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Ethiopia declares state of emergency amid wide protests

Ethiopian Prime Minister Hailemariam Desalegn, during press conference Thursday, Feb. 15, 2018, in Addis Ababa, Ethiopia. Desalegn announced that he has submitted a resignation letter after the worst anti-government protests in a quarter-century, saying he hoped the surprise decision would help planned reforms succeed and create a “lasting peace.” (Stringer / AP)
Ethiopian Prime Minister Hailemariam Desalegn, during press conference Thursday, Feb. 15, 2018, in Addis Ababa, Ethiopia. Desalegn announced that he has submitted a resignation letter after the worst anti-government protests in a quarter-century, saying he hoped the surprise decision would help planned reforms succeed and create a “lasting peace.” (Stringer / AP)
By Elias Meseret Associated Press

ADDIS ABABA, Ethiopia – Ethiopian officials have declared a state of emergency amid widespread anti-government protests that have persisted for more than two years and in which hundreds have been killed and several thousand detained, the majority of whom have since been released. It is the second state of emergency in two years and comes a day after the prime minister resigned.

“The current situation in the country has come to a point where it can’t be handled with normal peace protecting mechanisms,” said a statement issued by the Council of Ministers and read on the state broadcaster, the Ethiopian Broadcasting Corporation, on Friday. “It has been decided that a state of emergency is needed to protect the constitutional order of the country. The state of emergency is effective as of today.”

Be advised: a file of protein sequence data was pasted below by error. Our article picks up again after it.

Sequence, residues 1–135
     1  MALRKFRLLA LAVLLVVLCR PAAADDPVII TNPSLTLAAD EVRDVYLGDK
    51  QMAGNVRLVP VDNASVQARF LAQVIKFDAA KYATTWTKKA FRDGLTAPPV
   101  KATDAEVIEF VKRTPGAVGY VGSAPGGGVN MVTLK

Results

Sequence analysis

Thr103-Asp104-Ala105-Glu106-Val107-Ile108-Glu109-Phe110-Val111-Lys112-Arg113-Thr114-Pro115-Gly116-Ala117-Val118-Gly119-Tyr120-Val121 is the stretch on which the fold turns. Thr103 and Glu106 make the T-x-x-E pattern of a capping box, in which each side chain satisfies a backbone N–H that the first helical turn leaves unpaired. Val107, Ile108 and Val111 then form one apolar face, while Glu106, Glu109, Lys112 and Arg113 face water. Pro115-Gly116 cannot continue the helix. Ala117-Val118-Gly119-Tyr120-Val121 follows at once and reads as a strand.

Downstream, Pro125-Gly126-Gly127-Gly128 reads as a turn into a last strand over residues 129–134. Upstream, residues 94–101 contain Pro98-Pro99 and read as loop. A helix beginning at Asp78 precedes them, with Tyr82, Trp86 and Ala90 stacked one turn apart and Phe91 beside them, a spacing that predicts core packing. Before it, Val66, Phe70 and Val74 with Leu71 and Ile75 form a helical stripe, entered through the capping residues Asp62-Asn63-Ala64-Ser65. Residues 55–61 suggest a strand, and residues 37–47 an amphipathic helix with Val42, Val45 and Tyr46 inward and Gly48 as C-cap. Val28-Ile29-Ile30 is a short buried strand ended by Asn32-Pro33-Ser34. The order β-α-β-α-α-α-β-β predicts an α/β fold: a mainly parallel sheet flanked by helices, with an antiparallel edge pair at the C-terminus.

The Council of Ministers’ said the emergency is being declared because the protests have caused injuries and deaths, massive displacement of citizens, the destruction of properties, attacks based on ethnic lines and threats against the constitutional order of the country. It did not state how long the emergency will be in effect.

On Thursday, Prime Minister Hailemariam Desalegn announced his surprise resignation saying he wanted to be part of a solution to the crisis and steadfast ongoing reforms. He had been prime minister since 2012.

This week Ethiopia has been rocked by crippling protests in towns across the restive Oromia region in which demonstrators called for the release of political prisoners and urged the government to carry out quick reforms.

Ethiopia declared an earlier state of emergency in October 2016, following a week of anti-government violence that resulted in deaths and property damage across the country, especially in the Oromia region, the largest of the country’s federal states. Earlier that month, a stampede at a religious event southeast of the capital, Addis Ababa, claimed the lives of several dozen people.

During the state of emergency of 2016 and 2017 more than 22,000 people were arrested and the unrest seriously hurt one of the best performing economies in Africa. It was lifted after nine months.

Rights groups claimed people were beaten and subjected to arbitrary detentions under the previous emergency rule. The government maintained those arrested were by mistake and people were released after what it described as “training.”

On Friday, the U.S. Embassy in Addis Ababa issued its fifth security alert for Ethiopia since January. The warning is for its personnel to suspend all travels outside of the capital as a precautionary measure. Also on Friday, the U.S. Ambassador to the U.N., Nikki Haley, met and discussed current political issues with Ethiopia’s Foreign Minister Workneh Gebeyehu in New York.

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